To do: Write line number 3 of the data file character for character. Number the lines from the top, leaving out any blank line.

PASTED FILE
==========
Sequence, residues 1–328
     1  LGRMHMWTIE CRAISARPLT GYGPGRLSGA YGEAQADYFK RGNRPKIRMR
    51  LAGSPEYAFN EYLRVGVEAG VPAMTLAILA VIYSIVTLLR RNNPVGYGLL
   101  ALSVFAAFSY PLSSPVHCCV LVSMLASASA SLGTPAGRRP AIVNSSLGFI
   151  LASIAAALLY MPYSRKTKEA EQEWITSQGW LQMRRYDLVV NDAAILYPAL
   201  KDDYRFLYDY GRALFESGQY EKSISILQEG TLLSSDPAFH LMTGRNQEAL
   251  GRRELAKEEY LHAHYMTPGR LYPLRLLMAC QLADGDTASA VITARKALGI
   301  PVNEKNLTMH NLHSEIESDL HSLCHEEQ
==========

    51  LAGSPEYAFN EYLRVGVEAG VPAMTLAILA VIYSIVTLLR RNNPVGYGLL